In reviewing the whole case broadly, with a view to obtaining "uniformity of treatment of convicted defendants," Commonwealth v. Goulden, 383 Mass. 543, 554 (1981), as is our duty under G. L. c. 278, Section 33E, we must consider the "thrust" of the evidence, Commonwealth v. Williams, 364 Mass. 145, 152 (1973), and we must be alert to other clues that justice has not been achieved. For example, in Commonwealth v. Bearse, 358 Mass. 481, 487 (1970), the court was influenced by the fact that certain proof was promised in the prosecutor's opening, but never materialized. In determining whether a verdict of murder in the first degree was probably due to juror bias or misapprehension, and therefore not consonant with justice, this court may consider the defendant's criminal record or lack thereof, and other evidence of character to which the jury may or may not have had access, which might indicate that a killing had not been deliberately premeditated, contrary to the jury's finding, or instead was a spontaneous, impulsive response to sudden combat or provocation sufficient to cause the killing to be manslaughter. See Commonwealth v. McDermott, 393 Mass. 451, 460-461 (1984); Commonwealth v. Tavares, 385 Mass. 140, 159, cert. denied, 457 U.S. 1137 (1982); Commonwealth v. Seit, 373 Mass. 83, 95 (1977); Commonwealth v. Mahnke, 368 Mass. 662, 703 (1975), cert. denied, 425 U.S. 959 (1976); Commonwealth v. Vanderpool, 367 Mass. 743, 750 (1975).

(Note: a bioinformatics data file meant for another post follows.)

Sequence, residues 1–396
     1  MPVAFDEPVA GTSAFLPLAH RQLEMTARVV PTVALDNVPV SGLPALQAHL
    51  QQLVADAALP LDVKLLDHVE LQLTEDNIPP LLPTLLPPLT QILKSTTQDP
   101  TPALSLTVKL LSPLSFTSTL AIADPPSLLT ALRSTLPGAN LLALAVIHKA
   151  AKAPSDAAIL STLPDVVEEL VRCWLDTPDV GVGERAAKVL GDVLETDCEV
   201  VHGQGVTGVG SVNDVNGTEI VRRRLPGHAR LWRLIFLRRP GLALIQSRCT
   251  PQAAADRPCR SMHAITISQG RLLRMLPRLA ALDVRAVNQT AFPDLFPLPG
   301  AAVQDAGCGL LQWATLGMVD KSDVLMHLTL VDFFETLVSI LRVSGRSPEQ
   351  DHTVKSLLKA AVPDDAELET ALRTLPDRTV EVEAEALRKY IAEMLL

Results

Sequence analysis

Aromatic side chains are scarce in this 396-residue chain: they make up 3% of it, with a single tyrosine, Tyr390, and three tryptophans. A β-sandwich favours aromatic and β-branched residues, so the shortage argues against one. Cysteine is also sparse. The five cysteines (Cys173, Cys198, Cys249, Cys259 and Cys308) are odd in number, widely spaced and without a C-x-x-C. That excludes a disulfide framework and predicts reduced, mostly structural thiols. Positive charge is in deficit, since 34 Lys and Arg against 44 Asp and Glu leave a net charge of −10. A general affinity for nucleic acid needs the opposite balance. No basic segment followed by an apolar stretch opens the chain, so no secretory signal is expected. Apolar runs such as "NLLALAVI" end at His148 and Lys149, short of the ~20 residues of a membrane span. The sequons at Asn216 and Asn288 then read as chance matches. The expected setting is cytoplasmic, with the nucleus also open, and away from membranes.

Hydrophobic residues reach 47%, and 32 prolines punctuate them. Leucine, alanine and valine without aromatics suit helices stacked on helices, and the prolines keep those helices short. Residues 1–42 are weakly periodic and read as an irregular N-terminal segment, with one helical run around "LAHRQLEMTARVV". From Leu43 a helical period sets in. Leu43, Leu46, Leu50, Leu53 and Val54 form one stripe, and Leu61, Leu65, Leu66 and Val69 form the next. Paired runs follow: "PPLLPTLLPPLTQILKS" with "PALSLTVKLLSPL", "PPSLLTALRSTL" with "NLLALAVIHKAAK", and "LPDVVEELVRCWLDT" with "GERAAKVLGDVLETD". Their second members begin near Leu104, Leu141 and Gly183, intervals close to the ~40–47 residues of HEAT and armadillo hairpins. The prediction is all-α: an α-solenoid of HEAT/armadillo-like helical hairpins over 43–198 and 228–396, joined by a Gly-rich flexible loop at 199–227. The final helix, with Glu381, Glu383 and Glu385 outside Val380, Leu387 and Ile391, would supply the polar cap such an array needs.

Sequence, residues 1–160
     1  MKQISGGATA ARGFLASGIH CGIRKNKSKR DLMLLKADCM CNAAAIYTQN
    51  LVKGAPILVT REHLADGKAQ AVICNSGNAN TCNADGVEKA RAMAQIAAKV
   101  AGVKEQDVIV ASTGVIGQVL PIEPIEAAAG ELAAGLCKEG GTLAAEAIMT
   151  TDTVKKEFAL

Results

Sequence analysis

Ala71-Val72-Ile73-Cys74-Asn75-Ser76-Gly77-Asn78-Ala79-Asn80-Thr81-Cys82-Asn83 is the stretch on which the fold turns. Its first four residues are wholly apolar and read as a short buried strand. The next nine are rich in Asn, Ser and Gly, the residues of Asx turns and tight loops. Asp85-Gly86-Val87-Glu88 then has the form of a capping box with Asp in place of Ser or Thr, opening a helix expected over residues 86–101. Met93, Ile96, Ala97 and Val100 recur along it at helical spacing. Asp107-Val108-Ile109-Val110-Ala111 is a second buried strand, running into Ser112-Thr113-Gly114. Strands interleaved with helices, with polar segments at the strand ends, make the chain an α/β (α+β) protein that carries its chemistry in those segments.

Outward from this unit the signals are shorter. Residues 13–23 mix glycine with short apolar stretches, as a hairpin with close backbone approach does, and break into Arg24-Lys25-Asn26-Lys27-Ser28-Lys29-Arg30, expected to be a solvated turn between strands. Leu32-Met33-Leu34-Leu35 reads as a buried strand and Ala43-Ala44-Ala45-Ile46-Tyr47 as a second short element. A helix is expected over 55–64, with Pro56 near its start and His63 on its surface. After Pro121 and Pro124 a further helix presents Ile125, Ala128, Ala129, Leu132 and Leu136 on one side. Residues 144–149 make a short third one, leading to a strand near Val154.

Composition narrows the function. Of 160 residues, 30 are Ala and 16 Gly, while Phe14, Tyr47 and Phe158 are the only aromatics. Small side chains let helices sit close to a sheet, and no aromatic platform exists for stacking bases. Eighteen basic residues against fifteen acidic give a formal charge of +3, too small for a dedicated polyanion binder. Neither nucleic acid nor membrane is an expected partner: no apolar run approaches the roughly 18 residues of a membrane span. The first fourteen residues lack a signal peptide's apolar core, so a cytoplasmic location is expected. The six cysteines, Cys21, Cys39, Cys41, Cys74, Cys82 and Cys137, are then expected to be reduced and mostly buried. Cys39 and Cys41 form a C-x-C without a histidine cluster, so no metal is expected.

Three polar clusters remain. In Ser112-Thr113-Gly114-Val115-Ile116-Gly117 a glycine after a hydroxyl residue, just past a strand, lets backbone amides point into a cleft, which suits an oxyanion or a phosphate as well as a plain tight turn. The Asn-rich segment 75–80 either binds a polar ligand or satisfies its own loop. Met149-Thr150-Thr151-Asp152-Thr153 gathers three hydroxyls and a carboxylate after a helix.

In the present case, the thrust of the evidence, much of which was the defendant's testimony, was that three days before the defendant stabbed Deas, her lover, in the chest, killing him, the defendant had discovered his unfaithfulness and then had received his assurance that he wanted to continue their relationship. However, on Saturday, June 30, following Deas's failure to return to the defendant's home on Friday night, the youthful defendant, who had never been in love with anyone but Deas, discovered that he had continued

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to be unfaithful to her despite his contrary assurances. Feeling hurt, the defendant armed herself with a knife, and sought out and confronted Deas. When told by him that their relationship was over, she stabbed him. Surely, the jury were not required to credit the defendant's testimony that she did not intend to hurt Deas and their contary finding was not against the weight of the evidence. Nothing in the evidence, or in the circumstances or conduct of the trial, or from any other source, including the fact that the defendant had no criminal record, demonstrates that the jury's verdict of murder in the first degree was based on bias or on misapprehension or lack of relevant information. The defendant has not persuaded us, as is her burden, that justice requires a verdict of less than murder in the first degree. Therefore, we decline to exercise our extraordinary authority to grant relief under G. L. c. 278, Section 33E.

Judgment affirmed.

Denial of postverdict motion affirmed.